USMNT still confident heading into tonight's crucial qualifier vs. Jamaica

USMNT still confident heading into tonight's crucial qualifier vs. Jamaica

World Cup Qualifying

USMNT still confident heading into tonight's crucial qualifier vs. Jamaica

HappyUSMNT (ISIPhotos.com

Photo by John Todd/ISIphotos.com

By FRANCO PANIZO

COLUMBUS, Ohio — For a team that just played one of its worst matches in recent memory, the U.S. men's national team is heading into tonight's crucial World Cup qualifier against Jamaica sounding extremely confident.

Tonight's match (8pm ET, ESPN2/Galavision) isn't quite a must-win, but the U.S. needs a victory from tonight's qualifier to avoid falling into a serious dangerous zone in CONCACAF Group A. A victory would push the Americans back into a tie with Jamaica with seven points, but a loss, coupled with a Guatemala win vs. Antigua and Barbuda, would see the Americans drop three points out of the qualifying zone with two matches remaining.

U.S. head coach Jurgen Klinsmann remains cool and composed despite his team having just four points after its first three games in qualifying, and his players are also boasting that same type of mentality ahead of a game that could put them back in pole position of the group.

"As a team, we want to win every game so we would want to even if we won last game," said Brek Shea. "I'm not looking at it as a game we have to win. We don't want to look past the game but we're going to go out there just like any other game and we're going to try to win."

The U.S. players also shouldered lots of the blame for last Friday's defeat, even with a large section of the media and fans pointing the blame at Klinsmann and his tactics in what was a poor showing in Jamaica.

"I don't think it's fair to break it down into certain eras where coaches have come and gone and players remain the same," said Steve Cherundolo, who missed the away game due to a calf strain. "We're the ones on the field. Not unless Jurgen is going to sub himself in tomorrow, which I don't think is possible. Bob Bradley didn't score too many goals, Bruce Arena didn't score very many goals for us, so it's the guys on the field getting the job done."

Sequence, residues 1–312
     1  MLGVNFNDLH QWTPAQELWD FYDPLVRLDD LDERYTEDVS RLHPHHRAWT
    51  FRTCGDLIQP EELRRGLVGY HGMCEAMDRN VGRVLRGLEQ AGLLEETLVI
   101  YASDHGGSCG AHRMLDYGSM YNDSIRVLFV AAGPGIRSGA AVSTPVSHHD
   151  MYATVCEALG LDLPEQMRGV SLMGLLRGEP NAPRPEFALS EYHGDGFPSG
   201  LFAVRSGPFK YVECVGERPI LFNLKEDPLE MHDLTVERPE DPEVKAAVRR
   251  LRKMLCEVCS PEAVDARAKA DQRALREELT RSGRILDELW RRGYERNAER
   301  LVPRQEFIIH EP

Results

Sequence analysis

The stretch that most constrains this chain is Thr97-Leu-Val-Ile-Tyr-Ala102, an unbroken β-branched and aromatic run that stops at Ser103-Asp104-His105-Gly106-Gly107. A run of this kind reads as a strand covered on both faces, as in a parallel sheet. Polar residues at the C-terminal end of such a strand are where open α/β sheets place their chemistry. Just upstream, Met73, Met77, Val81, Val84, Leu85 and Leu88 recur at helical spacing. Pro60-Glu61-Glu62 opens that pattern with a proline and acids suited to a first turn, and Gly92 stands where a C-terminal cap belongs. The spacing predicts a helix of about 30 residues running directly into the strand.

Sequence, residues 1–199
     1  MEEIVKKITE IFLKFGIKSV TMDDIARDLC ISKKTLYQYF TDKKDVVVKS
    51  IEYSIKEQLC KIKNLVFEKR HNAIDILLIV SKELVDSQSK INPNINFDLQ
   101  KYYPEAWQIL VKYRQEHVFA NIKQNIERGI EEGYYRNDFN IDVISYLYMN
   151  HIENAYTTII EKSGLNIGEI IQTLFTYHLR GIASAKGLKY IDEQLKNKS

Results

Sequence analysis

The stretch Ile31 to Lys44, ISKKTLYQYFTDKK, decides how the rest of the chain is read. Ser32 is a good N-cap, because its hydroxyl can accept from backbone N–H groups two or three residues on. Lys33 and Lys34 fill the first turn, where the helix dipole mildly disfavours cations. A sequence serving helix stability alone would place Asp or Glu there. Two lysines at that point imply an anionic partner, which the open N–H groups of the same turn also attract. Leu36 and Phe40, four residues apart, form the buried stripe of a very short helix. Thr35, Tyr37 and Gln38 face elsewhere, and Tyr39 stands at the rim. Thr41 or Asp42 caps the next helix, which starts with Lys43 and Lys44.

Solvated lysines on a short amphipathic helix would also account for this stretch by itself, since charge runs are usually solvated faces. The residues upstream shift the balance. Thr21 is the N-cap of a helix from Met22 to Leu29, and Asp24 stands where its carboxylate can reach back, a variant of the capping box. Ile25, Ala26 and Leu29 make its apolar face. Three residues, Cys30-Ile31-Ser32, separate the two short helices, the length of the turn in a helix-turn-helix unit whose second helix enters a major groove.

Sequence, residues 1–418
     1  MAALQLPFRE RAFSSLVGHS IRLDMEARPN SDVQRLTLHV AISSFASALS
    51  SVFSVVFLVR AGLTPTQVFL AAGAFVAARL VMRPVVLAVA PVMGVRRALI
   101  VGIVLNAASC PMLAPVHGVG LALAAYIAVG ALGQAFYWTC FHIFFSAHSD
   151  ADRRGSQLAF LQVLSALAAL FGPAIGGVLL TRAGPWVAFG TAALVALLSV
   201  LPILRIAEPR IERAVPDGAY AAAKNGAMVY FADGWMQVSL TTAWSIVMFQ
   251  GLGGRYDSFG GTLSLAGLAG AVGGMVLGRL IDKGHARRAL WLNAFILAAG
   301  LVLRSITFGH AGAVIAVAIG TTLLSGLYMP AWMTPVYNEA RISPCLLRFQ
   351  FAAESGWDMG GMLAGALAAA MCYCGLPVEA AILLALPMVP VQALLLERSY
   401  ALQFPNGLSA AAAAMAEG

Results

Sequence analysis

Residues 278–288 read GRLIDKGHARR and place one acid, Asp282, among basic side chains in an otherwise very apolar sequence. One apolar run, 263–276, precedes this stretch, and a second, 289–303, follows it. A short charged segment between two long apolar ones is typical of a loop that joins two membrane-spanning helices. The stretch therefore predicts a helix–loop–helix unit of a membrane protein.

For the Americans to do that, they will need to vastly improve in a number of areas. Two of those areas that Klinsmann singled out during his pre-game press conference on Monday afternoon were possession and width.

The U.S. struggled to keep the ball for long stretches and failed to create many quality looks on goal in Kingstom, but when they were able to string passes together and get the ball wide, they seemed to be at their most dangerous. That is what the team has been working on in training in Columbus for the past couple days and something it hopes translates onto the field.

"The effort is always there. That's something you always get with this team but unfortunately the effort came maybe in the wrong moments," said Cherundolo. "We saw some good things out of the game; when we possessed the ball, when we moved the ball around, we instantly created chances. That's something we're taking away from that game and applying hopefully."

Changes will likely be made to the midfield by Klinsmann if the Americans are to get three points, but the German-born head coach has not hinted one way or the other as to who he might insert in order to help make that happen. Still, at least a couple of changes are already known, as Klinsmann has indicated that Cherundolo and captain Carlos Bocanegra will be back in the starting lineup for this pivotal match, which is being played on the 11th anniversary of 9/11.

"We haven't really talked about it but everyone knows," said Shea on the significance of playing the first U.S. game on this date since before the tragedy in 2001. "Kind of as a team we haven't talked about it, but small talk about what it means to this country and the day, so it means that much more for the game."

Shea and the rest of the U.S. squad got a visit on Monday night by three members of the New York City Fire Department, who addressed the team about the significance of the date given that some of them were too young or not in the country to grasp the severity of everything that transpired.

Adding to that will be the soldout crowd at Columbus Crew Stadium on Tuesday night. A turnout of 24,000 fans is expected and most will be wearing red, white and blue and rooting for the Americans to pick up the three crucial points that will put the team back atop the group and ease the pressure they are receiving.

"It's certainly one of the few venues where we truly have a homefield advantage and that's something we relish because we don't get it very often," said Cherundolo. "Hopefully we feed on that atmopshere in the stadium and really from minute one to 90, put Jamaica under so much pressure that there can only be one winner."

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